By Bill Clevlen
If you’ve lived in Missouri for even a short while, you’re certainly familiar with the Drury brand of hotels. The mid-scale, limited-service hotel chain began in 1973 and has grown to over 150 properties in 25 states. A few years ago, I was delighted when Drury Hotels became one of my “Bill On The Road” website sponsors. As a result, I’ve had the good fortune to visit many of their properties around the country and stay in most of the newest additions to their portfolio. While you’re probably familiar with the exterior look of their hotels you see along the highway, you may not know that Drury has been adding more unique lodging experiences for travelers in the form of renovated and often historic buildings.
In San Antonio, Drury converted the old Alamo National Bank, located along the historic RiverWalk downtown. The building was constructed in 1929 and is listed on the National Register of Historic Places. An incredible stained glass window towers over the front doors and original chandeliers drape down from a 50-foot-high ceiling. In Pittsburgh, Drury transformed a former Federal Reserve Bank building, complete with meeting space inside that was once oversized vaults. (The large, heavy metal doors are still intact.) Back in May, I stayed at the Drury Hotel in Santa Fe, New Mexico, which had been transformed from a vacant, aging hospital building. That property, which dates back to 1865, once served as the first hospital in Santa Fe. Today, it’s beautifully decorated with paintings from local artists and fully restored to its former glory, directly adjacent to the Cathedral Basilica of St. Francis of Assisi.
In the last decade, Drury has purchased and saved at least ten historic buildings, including properties in New Orleans, Wichita, St. Louis, Cleveland, and Milwaukee. As a travel writer that’s often tasked with giving a nod to the hotels I stay in, I will say that having unique accommodations with an actual backstory makes it even more intriguing to potential visitors. “The Drury family has a special place in their heart for old and historic buildings” says Carrie Sheridan, the Vice President of Sales & Marketing for Drury Hotels. “We are always on the lookout for a perfect opportunity to present itself to save or renovate a building.”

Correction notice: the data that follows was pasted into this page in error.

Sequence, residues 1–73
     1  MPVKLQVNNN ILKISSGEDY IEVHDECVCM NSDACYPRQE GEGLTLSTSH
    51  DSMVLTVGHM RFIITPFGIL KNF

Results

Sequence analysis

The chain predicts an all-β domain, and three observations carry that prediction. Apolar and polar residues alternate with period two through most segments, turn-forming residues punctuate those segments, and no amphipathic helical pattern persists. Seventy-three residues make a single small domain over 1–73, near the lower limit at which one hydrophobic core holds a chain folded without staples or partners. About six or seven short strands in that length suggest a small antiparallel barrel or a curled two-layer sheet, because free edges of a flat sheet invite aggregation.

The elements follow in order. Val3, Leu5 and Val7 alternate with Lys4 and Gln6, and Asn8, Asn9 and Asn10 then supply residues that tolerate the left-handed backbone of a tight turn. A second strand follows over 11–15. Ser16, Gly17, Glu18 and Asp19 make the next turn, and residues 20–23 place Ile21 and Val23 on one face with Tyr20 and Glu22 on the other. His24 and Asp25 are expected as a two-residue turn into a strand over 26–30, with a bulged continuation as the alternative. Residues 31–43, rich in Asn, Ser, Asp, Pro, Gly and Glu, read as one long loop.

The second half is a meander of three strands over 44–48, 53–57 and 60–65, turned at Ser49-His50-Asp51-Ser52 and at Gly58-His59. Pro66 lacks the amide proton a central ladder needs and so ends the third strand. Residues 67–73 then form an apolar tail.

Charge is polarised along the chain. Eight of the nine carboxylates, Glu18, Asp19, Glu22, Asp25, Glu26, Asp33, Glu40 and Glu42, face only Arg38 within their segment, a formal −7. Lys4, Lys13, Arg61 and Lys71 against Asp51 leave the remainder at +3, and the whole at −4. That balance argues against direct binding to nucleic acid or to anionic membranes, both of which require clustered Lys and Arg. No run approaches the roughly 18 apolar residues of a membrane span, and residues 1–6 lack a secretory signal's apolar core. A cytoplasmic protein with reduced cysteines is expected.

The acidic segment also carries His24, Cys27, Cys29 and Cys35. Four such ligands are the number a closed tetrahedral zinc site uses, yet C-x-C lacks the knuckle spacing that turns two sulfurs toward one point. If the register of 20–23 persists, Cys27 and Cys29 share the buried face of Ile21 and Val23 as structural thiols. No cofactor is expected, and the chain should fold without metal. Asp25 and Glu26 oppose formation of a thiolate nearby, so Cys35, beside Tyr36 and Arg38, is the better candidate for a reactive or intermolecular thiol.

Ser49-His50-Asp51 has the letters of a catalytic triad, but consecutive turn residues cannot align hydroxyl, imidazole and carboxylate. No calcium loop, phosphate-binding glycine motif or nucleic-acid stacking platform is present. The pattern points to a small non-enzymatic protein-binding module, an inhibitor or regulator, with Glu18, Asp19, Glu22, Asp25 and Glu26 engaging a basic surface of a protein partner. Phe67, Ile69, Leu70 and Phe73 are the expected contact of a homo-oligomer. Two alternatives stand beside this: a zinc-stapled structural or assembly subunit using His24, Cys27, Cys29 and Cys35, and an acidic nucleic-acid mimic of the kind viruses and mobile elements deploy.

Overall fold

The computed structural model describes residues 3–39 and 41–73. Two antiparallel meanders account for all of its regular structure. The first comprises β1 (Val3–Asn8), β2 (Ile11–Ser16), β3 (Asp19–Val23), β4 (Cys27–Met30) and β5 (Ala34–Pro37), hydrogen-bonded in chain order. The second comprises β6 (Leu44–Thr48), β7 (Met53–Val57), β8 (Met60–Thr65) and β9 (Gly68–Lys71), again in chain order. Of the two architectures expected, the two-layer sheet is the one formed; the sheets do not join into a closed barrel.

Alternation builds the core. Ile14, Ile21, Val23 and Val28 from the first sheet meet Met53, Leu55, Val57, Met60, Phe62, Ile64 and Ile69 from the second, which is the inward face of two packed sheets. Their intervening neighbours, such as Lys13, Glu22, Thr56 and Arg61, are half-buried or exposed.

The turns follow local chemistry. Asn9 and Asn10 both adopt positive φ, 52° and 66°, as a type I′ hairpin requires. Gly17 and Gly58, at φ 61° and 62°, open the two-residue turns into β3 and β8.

Safe And Secure
I recently visited one of the newest Drury properties in Downtown Nashville and immediately noticed the upgraded security. You were required to buzz into the hotel for check-in and then use your key to enter the main door, garage, and also the elevator. Chatting with a random guest during my stay, he mentioned how much he appreciated the extra safeguards, noting that some hotels in the area don’t have anything at all. All Drury hotels require guests to use a key after hours to enter their properties. “Safety for our guests is our number one priority” says Sheridan. “Whether that’s in downtown Nashville, Tennessee, or in Independence, Missouri – we want all of our staff and guests to be safe and secure.”
More Than a Bite to Eat…
The “5:30 Kickback” that Drury offers guests each evening is a welcome addition for many travelers, particularly families, in search of extra value. Let’s be honest – I’ve found myself too tired, too lazy, and yes, sometimes too cheap to head out and grab a meal while on the road. Depending on your taste buds or food preferences, many of the nightly offerings are good enough to call dinner. Sheridan notes: “We want to give our guests a value package that isn’t offered by our competitors. The ‘Kickback’ for some is a light snack before heading out to dinner, and for others, it is their dinner.”
If you’re traveling with young kids, especially today as prices continue to rise on just about everything, that extra meal is a huge benefit. Drury also offers complimentary beverages to guests during this time period as well. My Dad, who has stayed with me at several Drury properties, once suggested to an employee that they add a soft-serve ice cream machine to the nightly lineup. Then again, I’m pretty sure he’s made the same suggestion to his church and doctor’s office.
Bill Clevlen is a contributing writer from St. Louis.